The morphological evolution kinetics and instabilities of alpha helical peptide 3.613, which involves large amount of stored torsional elastic deformation energy (3-40 eV/molecule), is formulated by the variational method based on the connection between the rates of internal entropy production and the changes in the global Gibbs free energy, assuming that one has isobaric irreversible processes under the isothermal conditions. The present mesoscopic nonequilibrium thermodynamic approach relies on the fact that the global Gibbs free energy of helical conformation involves not only the bulk Gibbs free energy of the amino-acid back bone structure but also the interfacial Gibbs free energy of the enclosing cylindrical shell or the cage associated with the side-wall molecular branches, and their interactions with the immediate surroundings. The proposed variational analysis applied directly on the proposed macro-model has furnished a nonlinear integral equation in terms of the normalized and scaled internal and external variables. This allows us to track down the motion of the total pitch height of the alpha polypeptide along the well-defined trajectories in the displacement-time space, dictated not only by the initial configuration of the helix but also through the gradients of the global Gibbs free energy of the strained helical conformation as the main driving force. In the negative manifold, there is a well-defined region below the dynamic instability regime, in which the helical conformation can evolve towards the nonequilibrium stationary states by expanding, or contracting, depending upon whether the interfacial free energy and/or the applied stress system are below or above the well-defined thresholds level dictated by the initial pitch height. The highest life time may be realized along that trajectory, which follows up the threshold level of the interfacial specific Gibbs free energy, which is gs = -315 erg/cm2. In the upper region of the negative manifold, the helical conformations are driven by the very large applied uniaxial tension or the negative pressure induced by the thermal expansion, in the range of p > 1GPa and/or the strong negative interfacial free energies [3-4 pH] or their combinations, they show strong kinematic instabilities, which can cause not only the accelerated unfolding phenomenon but also cause large extensions that end up with the catastrophic decimations by ruptures and fragmentations. In the positive manifold, the aging behavior of the polypeptide follows up a S-shape path having rather speedy aging behavior compared to the negative manifold, which is separated from by a well-defined boundary, which represents the isochoric path having longest relaxation times, which can be achieved with great stability. Finally, one could attempt to estimate the upper limit of the relaxation time of aging for the modern hominin, from samples of exceptional preservations, relying on the present nonequilibrium theory as well as on the very limited knowledge on the post-mortem DNA and the present pitch heights of the modern hominin, which is found to be about 25,840 yrs, with a life expectation of 451,800 yrs. These figures are very close to those calculated for Neanderthals (SH), which are found to be 31,820 yrs and 499,100 yrs, respectively.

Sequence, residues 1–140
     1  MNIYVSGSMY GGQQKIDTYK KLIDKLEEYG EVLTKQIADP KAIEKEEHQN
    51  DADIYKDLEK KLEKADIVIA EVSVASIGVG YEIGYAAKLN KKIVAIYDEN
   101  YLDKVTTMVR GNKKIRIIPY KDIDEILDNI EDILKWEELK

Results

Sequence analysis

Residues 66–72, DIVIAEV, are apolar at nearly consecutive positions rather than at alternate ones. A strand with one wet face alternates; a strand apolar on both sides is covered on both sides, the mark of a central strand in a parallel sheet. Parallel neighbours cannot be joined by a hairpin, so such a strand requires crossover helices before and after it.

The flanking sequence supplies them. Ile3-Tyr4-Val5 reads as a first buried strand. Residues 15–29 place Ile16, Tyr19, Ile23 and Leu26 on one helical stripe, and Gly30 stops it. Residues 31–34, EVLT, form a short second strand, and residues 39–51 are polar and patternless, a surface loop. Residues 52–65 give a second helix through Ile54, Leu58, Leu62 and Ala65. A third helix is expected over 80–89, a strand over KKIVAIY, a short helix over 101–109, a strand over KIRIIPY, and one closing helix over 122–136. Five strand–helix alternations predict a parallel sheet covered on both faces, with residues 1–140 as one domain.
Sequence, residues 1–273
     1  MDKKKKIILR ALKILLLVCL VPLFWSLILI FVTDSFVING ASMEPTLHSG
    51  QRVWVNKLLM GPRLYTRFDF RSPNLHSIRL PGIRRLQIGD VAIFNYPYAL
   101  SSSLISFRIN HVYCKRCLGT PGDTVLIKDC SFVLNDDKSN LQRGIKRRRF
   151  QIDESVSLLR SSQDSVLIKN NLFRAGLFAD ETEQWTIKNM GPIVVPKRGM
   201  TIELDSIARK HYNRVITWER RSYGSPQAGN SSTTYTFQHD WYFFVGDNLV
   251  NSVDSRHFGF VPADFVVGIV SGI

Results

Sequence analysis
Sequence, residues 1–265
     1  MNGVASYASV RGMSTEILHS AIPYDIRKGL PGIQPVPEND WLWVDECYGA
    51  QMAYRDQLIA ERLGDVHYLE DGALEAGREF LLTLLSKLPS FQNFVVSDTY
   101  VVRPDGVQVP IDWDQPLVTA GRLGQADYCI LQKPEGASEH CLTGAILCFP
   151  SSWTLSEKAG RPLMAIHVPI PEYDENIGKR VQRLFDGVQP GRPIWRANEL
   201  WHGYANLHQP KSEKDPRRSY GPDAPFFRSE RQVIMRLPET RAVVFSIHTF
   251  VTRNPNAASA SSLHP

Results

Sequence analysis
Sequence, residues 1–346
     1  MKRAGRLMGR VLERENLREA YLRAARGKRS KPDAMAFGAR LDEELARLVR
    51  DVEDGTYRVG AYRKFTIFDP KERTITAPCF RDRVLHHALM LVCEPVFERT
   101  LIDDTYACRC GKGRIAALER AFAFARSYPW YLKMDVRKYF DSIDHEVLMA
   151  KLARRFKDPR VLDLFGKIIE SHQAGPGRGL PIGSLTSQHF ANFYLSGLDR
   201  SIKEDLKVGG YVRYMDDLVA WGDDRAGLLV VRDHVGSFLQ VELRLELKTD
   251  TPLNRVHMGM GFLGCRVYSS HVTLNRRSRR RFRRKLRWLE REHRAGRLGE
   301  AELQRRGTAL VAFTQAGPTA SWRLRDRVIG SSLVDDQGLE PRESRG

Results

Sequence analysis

Abstract Read Full Article HTML DOI: 10.29328/journal.abse.1001008 Cite this Article